5. Consider taking a break from swiping left. Or right. Or in any direction for that matter. Those repetitive movements of the thumb are not your friend right now. As much as we all need social interaction right now, it’s best to take some time away from your phone and let your thumbs and wrists heal.

Once any sharp pains have resolved, here are some more things you could try:

1. Contrast baths

Ice is still helpful to decrease pain and inflammation, but now you can start putting some heat on your wrist as well to promote increased blood flow and loosening up of the tissues.

    1. Try this:
      1. Prepare a medium-sized pot with hot but not scalding water.
      2. Then, start with ice and rub an ice cube on the area for 30 seconds.
      3. Then, place your thumb/wrist in the water for 60 seconds.
      4. Repeat for a total of 10-15 minutes, ending with ice.

2. Stretching

Thumb extension stretch

Hold for 20-30 seconds, or as tolerated. You should feel a gentle stretch on the thumb pad area in your palm. Repeat 3-4x throughout the day.

thumb extension stretch - physical therapy - physiotherapy - exercises - stretching - rehabilitation

3. Strengthening

Resisted thumb opposition

Bring your thumb and your pinky together, and provide resistance to your thumb using your other hand. Hold 5 seconds, relax your hand, and repeat 7-8x.

Repeat this exercise 2-3x/day, remembering to never do anything that causes you pain.

   thumb opposition adduction resisted exercises hand strengthening physiotherapy physical therapy rehabilitation

Resisted thumb extension/abduction

Starting in the same position as the previous exercise, now place your other hand on the back of your thumb to resist opening the thumb/hand. Hold 5 seconds, relax your hand, and repeat 7-8x.

Repeat this exercise 2-3x/day, remembering to never do anything that causes you pain.

Resisted radial deviation

Find an object that you can grab comfortable like a hammer or long water bottle. I weighed this one, and it’s just a hair over 1lb so it’s perfect! With your hand holding one end of the bottle/hammer/etc and your thumb pointing towards the ceiling, slowly bend your wrist up and down.
Repeat 7-8x, and then 2-3x throughout the day.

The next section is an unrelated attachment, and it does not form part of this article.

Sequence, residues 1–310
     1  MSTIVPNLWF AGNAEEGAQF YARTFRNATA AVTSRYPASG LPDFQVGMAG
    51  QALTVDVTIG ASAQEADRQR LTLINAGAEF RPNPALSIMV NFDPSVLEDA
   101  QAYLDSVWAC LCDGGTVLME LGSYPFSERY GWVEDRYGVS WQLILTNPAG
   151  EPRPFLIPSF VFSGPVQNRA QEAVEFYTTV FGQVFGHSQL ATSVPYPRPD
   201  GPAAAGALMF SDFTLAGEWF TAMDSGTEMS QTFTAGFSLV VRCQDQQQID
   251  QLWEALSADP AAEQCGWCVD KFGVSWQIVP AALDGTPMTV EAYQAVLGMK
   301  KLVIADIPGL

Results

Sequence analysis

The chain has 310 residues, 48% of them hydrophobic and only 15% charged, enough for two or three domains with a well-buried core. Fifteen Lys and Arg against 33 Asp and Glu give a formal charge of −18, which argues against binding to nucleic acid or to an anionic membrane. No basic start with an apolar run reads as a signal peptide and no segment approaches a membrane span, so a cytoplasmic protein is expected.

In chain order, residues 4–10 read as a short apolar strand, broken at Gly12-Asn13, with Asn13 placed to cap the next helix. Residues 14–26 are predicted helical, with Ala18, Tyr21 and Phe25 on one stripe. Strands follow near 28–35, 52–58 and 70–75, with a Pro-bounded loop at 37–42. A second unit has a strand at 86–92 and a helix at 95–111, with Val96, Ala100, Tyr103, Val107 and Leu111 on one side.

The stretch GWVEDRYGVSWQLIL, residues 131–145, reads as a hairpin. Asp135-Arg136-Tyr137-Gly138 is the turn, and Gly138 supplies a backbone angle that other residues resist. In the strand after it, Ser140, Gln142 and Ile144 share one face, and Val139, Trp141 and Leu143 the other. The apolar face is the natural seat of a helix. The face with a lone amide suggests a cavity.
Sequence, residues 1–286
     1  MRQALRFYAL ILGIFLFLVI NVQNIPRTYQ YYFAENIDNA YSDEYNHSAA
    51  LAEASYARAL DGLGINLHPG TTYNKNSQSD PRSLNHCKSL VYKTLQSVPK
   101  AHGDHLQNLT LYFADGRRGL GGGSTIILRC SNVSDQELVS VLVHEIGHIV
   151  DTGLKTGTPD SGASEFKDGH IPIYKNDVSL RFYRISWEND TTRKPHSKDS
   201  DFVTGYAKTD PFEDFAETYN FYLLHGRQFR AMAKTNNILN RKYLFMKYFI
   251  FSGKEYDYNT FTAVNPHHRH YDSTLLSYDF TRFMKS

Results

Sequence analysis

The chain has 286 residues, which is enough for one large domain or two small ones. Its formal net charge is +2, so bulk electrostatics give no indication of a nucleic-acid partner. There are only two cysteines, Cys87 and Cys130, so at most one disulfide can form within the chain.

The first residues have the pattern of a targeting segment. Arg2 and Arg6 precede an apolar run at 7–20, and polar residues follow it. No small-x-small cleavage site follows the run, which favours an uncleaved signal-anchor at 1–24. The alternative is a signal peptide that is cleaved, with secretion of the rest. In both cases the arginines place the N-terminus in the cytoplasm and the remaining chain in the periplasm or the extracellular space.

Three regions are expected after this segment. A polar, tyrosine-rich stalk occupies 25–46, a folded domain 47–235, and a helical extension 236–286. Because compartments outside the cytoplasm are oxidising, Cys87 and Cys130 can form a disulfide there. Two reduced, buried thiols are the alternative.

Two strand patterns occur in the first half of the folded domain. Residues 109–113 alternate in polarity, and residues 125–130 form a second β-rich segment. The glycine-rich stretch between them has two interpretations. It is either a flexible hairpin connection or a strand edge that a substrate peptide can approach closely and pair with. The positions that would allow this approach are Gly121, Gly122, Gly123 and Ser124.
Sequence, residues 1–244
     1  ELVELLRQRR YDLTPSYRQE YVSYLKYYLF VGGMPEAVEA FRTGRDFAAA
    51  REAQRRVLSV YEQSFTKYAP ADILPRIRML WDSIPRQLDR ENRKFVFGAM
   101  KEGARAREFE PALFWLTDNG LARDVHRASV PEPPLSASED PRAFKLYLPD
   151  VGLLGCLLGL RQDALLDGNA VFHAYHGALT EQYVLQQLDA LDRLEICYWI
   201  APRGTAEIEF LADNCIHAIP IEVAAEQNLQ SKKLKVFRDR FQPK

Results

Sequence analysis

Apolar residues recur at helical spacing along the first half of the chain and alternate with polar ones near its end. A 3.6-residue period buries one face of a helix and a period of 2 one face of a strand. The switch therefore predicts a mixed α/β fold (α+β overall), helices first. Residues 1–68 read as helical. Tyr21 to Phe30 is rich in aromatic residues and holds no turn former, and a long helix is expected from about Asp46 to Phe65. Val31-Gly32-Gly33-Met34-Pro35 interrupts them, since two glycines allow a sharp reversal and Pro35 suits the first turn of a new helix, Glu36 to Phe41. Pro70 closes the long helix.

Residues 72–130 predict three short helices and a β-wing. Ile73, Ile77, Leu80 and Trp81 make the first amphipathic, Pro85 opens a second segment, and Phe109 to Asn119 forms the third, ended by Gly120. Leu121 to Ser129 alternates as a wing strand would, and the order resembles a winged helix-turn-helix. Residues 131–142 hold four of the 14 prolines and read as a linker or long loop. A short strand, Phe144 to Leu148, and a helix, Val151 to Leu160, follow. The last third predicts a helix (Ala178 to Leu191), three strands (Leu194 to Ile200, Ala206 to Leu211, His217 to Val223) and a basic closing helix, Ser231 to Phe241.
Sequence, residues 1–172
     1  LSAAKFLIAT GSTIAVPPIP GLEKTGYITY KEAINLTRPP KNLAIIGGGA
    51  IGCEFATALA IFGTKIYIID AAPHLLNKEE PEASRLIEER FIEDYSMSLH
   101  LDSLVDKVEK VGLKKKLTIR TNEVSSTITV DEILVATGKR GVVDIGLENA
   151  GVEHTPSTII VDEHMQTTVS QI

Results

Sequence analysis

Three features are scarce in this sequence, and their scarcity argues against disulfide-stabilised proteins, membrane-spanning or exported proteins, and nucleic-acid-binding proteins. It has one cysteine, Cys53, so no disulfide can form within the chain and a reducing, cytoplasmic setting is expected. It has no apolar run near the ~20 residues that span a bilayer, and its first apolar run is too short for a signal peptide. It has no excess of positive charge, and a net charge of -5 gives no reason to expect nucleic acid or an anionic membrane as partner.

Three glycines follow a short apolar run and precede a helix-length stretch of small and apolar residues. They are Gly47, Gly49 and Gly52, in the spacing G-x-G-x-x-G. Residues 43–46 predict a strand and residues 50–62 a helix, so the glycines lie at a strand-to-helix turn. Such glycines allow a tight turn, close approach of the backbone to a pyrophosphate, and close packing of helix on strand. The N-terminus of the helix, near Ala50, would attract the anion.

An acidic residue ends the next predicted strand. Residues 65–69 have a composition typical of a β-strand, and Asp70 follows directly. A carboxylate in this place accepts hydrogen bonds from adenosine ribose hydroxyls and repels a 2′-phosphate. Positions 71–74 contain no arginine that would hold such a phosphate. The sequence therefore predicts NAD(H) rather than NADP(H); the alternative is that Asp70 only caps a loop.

Have you tried these things and you still haven’t experienced sufficient relief? Perhaps you need an appointment.

  • A Physiotherapist will assess the muscles and tendons and may do soft-tissue techniques to massage the tight muscles around the area. Graston techniques, or contract-relax manual therapy exercises may also help to stretch the tight fascia around the area. Therapist-assisted stretches can also be beneficial to promote healing. Therapists will also prescribe more specific exercises based on your individual concerns, history, and goals.
  • In some cases, we may need to splint the thumb in order to give it some rest. First we would try Kinesio-Tape (the stretchy coloured tape) which has some give to it and you can still do most movements, then if that isn’t enough to stop you from being careful with your thumb we would try Athletic Tape (like you may have seen for basketball player’s ankles) which restricts more motion OR a removable over-the-counter splint.
  • Modalities like Ultrasound, Acupuncture, or IMS Dry Needling may also help to promote healing of the tendon by encouraging an increase of blood flow to the area.
Remember, this is just general advice and tips. The best treatment plan is specific to you, and can only be recommended once you have seen a professional physiotherapist. If you have any questions please contact the clinic.

Not sure which treatment is right for you? Contact us today to talk to a professional and find out how we can help you.